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Hank Hanegraaf Joins Greek Orthodox Church
Known as the “Bible Answer Man,” Hank Hanegraaff’s daily radio show aims to “equip Christians to pursue sound doctrine to discern truth and error.” Hanegraaf, his wife, and two of their twelve children were chrismated on Palm Sunday at a Greek Orthodox church in Charlotte, NC, near where CRI now is located.





The Bible is full of evidence that the Protestant view of the Church and scripture itself is not according to scripture. Someone deeply involved in Bible knowledge and willing to do the right thing, even at personal cost, could will come to this conclusion, and make a pretty scary change. I myself -- though no Bible scholar at all -- eventually recognized that the concept of "invisible church" is not scriptural, nor is is "sola scriptura" teaching itself. The church, the scripture says, is the "pillar and foundation of the truth." Not a book, and especially not a book wrested from the hands of its authors (the church) and interpreted by these who disagree with it.
“BIBLE ANSWER MAN” BECOMES EASTERN ORTHODOX



Hank Hanegraaf, long-time president of the Christian Research Institute and host of “The Bible Answer Man” radio show, has entered the Greek Orthodox Church.  Hank Hanegraaf is an Evangelical apologetics group established in 1960 by Walter Martin, who died in 1989. Martin had been the original “Bible Answer Man,” but Hanegraaf has filled role for nearly three decades now.

Bowman says, “Hanegraaff’s conversion to Eastern Orthodoxy should not be viewed as a mere isolated occurrence. There has been a definite trend for the past few decades of a growing number of American evangelical Protestants converting to either Catholicism or Orthodoxy.”
What will happen with “The Bible Answer Man”? Is it possible for an Evangelical ministry to be headed by a Greek Orthodox?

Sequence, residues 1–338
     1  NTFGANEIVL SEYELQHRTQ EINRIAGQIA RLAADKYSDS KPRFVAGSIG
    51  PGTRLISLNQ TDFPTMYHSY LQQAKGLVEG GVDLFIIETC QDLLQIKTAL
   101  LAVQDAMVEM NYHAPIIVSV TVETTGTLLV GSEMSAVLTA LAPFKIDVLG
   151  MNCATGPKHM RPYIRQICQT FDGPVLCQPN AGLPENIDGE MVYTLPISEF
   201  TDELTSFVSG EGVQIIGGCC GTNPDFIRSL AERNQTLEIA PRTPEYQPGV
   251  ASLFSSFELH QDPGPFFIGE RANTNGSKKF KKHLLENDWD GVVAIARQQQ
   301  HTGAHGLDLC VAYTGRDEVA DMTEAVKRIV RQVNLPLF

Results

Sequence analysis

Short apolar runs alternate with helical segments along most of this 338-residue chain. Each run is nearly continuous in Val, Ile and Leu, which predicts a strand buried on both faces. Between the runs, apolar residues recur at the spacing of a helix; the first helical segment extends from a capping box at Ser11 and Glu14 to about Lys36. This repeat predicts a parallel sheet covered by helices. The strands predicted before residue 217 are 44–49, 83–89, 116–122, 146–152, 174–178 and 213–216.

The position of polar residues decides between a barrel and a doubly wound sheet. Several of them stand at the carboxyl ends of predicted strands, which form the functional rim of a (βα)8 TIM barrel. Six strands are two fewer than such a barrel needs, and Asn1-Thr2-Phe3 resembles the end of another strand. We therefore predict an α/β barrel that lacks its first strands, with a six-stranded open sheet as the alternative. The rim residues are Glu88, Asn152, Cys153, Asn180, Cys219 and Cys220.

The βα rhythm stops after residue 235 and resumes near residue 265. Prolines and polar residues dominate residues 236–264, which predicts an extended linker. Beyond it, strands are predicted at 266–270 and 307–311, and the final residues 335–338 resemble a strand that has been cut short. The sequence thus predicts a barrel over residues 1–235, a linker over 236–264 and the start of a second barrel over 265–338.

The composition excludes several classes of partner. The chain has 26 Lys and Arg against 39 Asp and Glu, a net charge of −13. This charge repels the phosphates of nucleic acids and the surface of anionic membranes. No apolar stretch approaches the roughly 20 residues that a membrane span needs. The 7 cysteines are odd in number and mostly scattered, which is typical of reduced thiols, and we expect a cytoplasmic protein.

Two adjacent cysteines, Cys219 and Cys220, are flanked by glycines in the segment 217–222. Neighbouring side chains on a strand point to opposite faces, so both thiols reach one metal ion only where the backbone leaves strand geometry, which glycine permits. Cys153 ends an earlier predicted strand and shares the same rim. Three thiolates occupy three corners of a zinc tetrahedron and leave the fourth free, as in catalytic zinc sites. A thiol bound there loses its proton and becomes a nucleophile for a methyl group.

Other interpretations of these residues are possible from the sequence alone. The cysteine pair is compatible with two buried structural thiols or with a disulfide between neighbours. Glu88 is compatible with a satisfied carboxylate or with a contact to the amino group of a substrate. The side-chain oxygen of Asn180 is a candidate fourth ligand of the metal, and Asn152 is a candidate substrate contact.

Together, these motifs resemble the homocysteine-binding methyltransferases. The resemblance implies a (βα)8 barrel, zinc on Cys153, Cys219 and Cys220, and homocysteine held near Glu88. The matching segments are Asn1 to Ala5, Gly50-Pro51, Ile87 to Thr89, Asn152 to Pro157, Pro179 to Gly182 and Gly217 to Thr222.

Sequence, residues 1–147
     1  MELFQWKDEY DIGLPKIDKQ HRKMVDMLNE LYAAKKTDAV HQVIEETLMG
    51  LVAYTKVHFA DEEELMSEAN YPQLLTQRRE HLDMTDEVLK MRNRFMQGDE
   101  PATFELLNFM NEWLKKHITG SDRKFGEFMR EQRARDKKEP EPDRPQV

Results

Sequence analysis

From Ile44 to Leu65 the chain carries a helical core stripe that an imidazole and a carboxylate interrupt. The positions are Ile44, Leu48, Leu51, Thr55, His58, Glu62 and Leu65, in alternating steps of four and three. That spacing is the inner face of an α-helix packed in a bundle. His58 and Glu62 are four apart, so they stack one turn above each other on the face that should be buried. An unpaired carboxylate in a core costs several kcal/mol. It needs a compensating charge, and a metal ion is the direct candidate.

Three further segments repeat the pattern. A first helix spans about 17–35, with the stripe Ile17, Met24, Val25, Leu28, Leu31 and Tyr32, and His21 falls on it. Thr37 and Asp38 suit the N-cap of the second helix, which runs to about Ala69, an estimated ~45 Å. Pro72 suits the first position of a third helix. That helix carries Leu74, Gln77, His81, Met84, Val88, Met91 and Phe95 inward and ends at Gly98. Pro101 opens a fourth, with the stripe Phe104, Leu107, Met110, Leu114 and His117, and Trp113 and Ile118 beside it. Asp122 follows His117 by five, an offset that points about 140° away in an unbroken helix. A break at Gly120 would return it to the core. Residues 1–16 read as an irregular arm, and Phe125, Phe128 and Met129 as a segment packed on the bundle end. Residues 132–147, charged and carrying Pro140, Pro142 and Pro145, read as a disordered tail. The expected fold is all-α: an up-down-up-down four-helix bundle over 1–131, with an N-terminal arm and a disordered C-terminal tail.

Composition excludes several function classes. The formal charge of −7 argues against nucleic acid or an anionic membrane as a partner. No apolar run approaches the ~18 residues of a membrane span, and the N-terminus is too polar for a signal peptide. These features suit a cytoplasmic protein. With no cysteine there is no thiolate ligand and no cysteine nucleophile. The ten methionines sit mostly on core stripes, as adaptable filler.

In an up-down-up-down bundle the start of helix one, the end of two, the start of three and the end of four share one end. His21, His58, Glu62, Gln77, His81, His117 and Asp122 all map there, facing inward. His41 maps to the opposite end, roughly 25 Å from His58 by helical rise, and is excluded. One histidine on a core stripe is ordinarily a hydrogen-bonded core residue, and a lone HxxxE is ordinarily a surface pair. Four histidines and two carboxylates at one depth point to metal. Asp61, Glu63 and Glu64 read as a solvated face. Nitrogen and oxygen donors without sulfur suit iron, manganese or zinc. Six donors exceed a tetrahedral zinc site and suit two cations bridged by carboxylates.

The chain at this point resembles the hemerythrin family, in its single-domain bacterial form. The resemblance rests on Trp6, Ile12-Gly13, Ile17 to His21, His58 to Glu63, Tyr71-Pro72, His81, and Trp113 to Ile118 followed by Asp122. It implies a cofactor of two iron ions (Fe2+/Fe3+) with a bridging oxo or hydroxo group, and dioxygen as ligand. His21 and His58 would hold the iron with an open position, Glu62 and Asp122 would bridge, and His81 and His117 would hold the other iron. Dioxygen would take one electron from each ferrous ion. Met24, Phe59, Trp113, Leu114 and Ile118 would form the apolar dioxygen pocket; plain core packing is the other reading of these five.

The organization never has shown much sympathy for liturgical churches. My guess is that Hanegraaf will depart soon. He’s 66 or 67, so he may have timed his conversion with an expected retirement from CRI anyway.
As for his part, Bowman concludes his report with a rallying of the Evangelical troops. While speaking well of Hanegraaf, he says that Evangelical distinctives remain true and that Orthodox (and Catholic) distinctives don’t–or at least such is the implication. He concludes by saying that the fallout from Hanegraaf’s change of allegiance is likely to affect Evangelicalism for years go come.
Faithful listeners of the long-running, daily call-in show have presumed that to mean the evangelical Protestant interpretation of the Scriptures and the church, which is why more than a few sat up when they heard Hanegraaff confirm to a caller Monday a rumor that he had gone through a formal rite, known as chrismation (“the seal of the gift of the Holy Spirit”), to become a member of the Greek Orthodox Church on Palm Sunday, April 9.

He said he and his wife, Kathy, and two of their 12 children have “found a church community that has greatly benefited from the work of the Christian Research Institute.” Hanegraaff observed that he and his wife have been “more in synch spiritually” over the past 10 years than at any other time in their marriage.
“I have been typically more skewed towards truth, and, quite frankly, Kathy more skewed towards life,” he said. “But today we are on precisely the same page, in life and in truth, and we’re loving it.”

“This is a very wonderful time in our life and ministry, and so daily we thank God that he has saved us by grace alone through an active faith in our dear Lord Jesus Christ who has done all that we might experience life now, and experience life in the age to come.”

The Christian Research Institute was founded in 1960 by renowned countercult expert Walter Martin, focusing on non-Christian religions, cults and heresies within Protestant Christianity. Hanegraaff became president of CRI after Martin died in 1989.

A Greek Orthodox blogger, John Sanidopoulos, said he was “astounded” to hear the news of Hanegraaff’s membership in his church, adding it was “something I had always hoped for him, but never really expected.”




 
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